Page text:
Very rarely do I stumble across functionality that makes me rub my hands together and laugh evilly at how powerful and graceful it is. I have one for you to try this week — It’s called Yahoo Pipes.

Yahoo Pipes have been around a few years now, but we’ve been so distracted by social media that we’ve overlooked this technology. Yahoo Pipes are designed to help ordinary Web users achieve global information domination. Pipes allow any user anywhere to add streams of content together, filter out content within the streams to hone information delivery into a sharp, perfect point.

Let’s say you’re interested in buying an iPad, but don’t want to pay more than $400 for it. You can build a Yahoo Pipe that filters Ebay content, delivering only content that includes “iPad” “$400” “Auction ends today” and even specify a model number. And to your amazement, that’s the only content you’ll receive from your pipe.

Here’s how Yahoo Pipes solves an enterprise publishing problem — the enterprise Web site has multiple blogs, but the webmaster wants to combine the blogs into a different combinations of feeds, based on different pages within the site. Just run the RSS feeds of blogs through Yahoo Pipes with an “Add” function and blammo, they’re together forever. In any combination. The content delivery is only limited by the imagination of the person building the pipes.

Media junkies, you can build a pipe that combines and delivers YouTube, Vimeo, iFilm, Motionbox, MySpace Video and Revver videos about a specific topic through a single RSS feed to your device automatically. Cat video fans, think of the possibilities! But on a more serious note, businesses can also aggregate training videos, perform competitor surveillance, and trendspot with a cleverly devised pipe.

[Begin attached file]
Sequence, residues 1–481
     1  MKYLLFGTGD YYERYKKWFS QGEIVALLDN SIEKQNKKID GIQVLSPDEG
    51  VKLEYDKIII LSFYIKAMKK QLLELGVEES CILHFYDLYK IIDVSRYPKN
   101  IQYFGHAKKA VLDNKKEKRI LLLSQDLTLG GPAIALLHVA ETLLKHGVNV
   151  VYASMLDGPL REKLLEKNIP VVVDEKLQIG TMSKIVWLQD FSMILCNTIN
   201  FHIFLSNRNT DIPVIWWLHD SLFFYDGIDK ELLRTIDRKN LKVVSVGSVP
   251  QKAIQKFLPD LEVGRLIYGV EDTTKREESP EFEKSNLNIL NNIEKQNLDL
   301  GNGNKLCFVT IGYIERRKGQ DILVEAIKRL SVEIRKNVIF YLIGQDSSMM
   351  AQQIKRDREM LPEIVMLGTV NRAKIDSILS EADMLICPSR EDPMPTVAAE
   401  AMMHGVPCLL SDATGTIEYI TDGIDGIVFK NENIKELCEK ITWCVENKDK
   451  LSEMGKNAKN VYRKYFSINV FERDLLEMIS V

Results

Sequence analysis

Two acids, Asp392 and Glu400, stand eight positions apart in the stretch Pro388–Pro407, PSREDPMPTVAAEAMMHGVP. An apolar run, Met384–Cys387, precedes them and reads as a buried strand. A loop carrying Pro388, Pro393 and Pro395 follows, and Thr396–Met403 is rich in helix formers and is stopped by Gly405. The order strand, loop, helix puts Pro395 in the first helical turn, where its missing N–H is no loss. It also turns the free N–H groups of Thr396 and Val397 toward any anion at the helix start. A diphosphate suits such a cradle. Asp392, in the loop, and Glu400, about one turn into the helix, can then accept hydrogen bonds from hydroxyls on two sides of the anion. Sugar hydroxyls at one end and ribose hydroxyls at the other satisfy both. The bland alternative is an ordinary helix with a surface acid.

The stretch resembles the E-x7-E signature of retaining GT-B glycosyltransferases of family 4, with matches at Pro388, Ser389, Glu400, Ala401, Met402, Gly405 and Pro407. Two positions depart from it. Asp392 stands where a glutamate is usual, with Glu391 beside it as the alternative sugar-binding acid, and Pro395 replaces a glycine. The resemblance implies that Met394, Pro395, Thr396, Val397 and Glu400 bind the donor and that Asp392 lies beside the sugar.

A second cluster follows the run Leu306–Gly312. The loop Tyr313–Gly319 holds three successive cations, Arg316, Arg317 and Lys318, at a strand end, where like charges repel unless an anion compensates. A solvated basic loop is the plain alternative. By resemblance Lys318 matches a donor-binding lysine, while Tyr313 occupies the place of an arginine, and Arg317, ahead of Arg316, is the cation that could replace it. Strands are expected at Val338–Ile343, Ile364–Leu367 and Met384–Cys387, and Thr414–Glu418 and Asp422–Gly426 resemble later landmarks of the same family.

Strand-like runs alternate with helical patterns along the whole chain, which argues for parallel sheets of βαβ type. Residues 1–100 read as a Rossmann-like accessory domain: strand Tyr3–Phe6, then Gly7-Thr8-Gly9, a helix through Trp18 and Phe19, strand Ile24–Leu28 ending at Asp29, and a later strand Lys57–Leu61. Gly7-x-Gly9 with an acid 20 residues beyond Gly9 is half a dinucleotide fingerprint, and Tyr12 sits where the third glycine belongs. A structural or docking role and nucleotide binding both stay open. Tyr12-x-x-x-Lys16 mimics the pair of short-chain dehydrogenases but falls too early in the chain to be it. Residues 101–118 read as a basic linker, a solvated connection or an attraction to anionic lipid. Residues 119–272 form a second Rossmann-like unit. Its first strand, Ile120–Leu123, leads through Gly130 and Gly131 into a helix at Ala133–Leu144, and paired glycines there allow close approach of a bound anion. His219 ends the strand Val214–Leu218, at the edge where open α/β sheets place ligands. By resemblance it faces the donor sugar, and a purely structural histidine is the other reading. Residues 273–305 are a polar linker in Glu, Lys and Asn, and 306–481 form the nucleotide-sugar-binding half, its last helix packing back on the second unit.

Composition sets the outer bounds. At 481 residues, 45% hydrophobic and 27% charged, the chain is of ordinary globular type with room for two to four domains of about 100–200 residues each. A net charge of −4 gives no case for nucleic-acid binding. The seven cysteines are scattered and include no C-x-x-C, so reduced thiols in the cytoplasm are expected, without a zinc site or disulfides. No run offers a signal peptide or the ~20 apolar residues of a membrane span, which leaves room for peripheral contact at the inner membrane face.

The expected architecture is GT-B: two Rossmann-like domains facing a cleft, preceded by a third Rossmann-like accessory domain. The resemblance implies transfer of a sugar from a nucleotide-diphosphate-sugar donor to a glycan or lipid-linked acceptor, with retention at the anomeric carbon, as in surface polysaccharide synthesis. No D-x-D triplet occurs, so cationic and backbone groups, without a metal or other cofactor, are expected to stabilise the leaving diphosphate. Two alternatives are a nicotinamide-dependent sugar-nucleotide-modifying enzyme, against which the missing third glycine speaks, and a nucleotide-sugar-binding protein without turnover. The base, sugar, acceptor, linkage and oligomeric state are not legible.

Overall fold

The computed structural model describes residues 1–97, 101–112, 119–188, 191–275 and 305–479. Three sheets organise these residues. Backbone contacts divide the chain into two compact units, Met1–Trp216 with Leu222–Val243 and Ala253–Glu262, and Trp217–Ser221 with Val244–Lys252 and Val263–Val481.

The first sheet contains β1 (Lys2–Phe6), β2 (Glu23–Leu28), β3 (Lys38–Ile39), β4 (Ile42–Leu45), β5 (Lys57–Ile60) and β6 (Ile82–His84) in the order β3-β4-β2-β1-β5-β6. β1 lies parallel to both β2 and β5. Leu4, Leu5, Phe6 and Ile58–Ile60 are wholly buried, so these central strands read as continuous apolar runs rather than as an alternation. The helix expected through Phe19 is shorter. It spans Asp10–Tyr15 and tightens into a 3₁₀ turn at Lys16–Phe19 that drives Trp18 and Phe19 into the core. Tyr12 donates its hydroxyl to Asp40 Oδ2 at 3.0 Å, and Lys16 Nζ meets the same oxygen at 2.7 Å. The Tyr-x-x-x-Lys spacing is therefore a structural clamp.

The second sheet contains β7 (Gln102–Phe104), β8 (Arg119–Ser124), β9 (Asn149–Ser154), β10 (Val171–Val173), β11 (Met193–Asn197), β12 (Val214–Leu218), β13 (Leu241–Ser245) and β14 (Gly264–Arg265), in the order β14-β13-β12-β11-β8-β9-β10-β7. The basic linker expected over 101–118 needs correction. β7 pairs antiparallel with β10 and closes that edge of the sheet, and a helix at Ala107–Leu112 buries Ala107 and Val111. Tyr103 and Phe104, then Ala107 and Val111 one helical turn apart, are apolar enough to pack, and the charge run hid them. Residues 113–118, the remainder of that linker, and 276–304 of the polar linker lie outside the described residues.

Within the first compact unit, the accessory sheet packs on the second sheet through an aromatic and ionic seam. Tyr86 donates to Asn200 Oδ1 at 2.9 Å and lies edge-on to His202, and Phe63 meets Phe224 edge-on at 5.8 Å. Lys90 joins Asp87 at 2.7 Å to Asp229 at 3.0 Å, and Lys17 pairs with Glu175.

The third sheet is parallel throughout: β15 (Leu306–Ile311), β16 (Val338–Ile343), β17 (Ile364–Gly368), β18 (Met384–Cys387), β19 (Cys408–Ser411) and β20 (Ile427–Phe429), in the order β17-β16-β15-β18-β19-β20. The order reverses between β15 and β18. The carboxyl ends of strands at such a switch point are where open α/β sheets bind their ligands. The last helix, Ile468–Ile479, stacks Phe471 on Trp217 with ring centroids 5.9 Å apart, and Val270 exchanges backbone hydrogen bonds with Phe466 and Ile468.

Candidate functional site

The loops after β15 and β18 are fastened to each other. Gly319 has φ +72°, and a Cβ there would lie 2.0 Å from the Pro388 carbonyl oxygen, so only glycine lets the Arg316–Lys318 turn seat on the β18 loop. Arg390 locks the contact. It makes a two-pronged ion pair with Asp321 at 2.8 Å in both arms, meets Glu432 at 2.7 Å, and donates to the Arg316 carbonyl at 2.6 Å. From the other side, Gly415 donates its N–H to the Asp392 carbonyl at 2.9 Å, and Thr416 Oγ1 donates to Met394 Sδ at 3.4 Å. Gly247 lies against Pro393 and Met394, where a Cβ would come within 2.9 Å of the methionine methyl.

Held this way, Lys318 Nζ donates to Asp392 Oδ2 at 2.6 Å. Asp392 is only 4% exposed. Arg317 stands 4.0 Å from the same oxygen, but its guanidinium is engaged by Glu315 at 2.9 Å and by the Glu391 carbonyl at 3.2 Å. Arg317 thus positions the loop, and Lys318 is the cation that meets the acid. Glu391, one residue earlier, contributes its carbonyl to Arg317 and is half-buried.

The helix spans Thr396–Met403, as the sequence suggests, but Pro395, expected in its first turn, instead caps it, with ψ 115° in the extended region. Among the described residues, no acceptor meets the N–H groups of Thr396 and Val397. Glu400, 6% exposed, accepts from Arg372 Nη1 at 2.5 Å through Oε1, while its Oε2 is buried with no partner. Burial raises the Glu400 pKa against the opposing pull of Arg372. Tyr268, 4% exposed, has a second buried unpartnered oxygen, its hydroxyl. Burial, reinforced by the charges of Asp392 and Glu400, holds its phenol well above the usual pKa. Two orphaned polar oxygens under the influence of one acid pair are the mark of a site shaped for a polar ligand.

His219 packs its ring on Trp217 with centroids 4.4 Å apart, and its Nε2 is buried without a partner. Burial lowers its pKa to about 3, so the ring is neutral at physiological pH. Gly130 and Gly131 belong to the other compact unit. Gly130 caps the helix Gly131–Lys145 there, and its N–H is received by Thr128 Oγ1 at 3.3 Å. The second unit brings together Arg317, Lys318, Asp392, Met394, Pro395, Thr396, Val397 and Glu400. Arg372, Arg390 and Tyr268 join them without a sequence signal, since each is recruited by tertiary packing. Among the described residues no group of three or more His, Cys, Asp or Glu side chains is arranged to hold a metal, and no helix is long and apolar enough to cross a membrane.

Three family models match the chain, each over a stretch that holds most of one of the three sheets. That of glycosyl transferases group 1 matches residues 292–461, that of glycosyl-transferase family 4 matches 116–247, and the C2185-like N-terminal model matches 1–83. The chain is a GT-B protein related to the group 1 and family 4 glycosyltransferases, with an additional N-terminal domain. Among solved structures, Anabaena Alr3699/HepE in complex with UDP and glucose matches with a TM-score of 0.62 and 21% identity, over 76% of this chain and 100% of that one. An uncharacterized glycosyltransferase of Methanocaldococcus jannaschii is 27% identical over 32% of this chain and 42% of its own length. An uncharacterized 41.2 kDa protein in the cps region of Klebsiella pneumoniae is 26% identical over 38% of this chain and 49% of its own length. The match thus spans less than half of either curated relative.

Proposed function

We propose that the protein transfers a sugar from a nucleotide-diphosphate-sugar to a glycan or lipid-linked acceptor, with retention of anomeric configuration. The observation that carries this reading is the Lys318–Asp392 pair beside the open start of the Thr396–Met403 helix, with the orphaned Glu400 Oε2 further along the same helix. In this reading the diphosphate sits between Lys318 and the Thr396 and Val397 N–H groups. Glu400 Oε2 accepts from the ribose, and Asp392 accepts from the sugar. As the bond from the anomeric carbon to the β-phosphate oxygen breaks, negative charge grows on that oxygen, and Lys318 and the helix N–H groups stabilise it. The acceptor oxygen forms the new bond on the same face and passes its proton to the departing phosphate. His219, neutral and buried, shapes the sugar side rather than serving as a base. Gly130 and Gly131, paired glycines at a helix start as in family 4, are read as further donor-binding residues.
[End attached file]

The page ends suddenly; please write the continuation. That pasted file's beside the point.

Possibly the most useful feature of Yahoo Pipes is the repository of awesome pipes that smart people have built already. You can use their pipe as a model, or just copy what they did and add a few personalized parameters and you can experience the kind of information domination that comes from being able to customize what you receive from the Web.

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The only downside of Pipes is that the documentation is a little difficult to understand at the beginning. Mostly it’s because Pipes doesn’t have a lot of description available for its functions, so you are left finding your own way as you begin to understand what’s what. But if you simply run a few pipes that were created by the experts, and then look at the kinds of elements that were used to get those results, it’s easy enough to figure out, which is probably why Yahoo didn’t spend much time describing everything.

When you look at Yahoo Pipes for the first time, you’ll probably make the mistake that I did initially, which is to discount the technology because it looks too easy to actually work. Seriously, it looks like a bunch of bubbles, and the pipes are built by drawing lines from one bubble to the other. It looks like it couldn’t possibly do anything important. However, some of the best technologies on the Internet have a simple user interface, as Yahoo Pipes proves.

Try experimenting with Yahoo Pipes — Since it’s a pull technology, you won’t hurt anybody if your pipe doesn’t work. But if it DOES work you’ll be amazed at what comes out. Enjoy!

Marci De Vries is president of MDV Interactive, a web consulting firm in Baltimore. Reach her at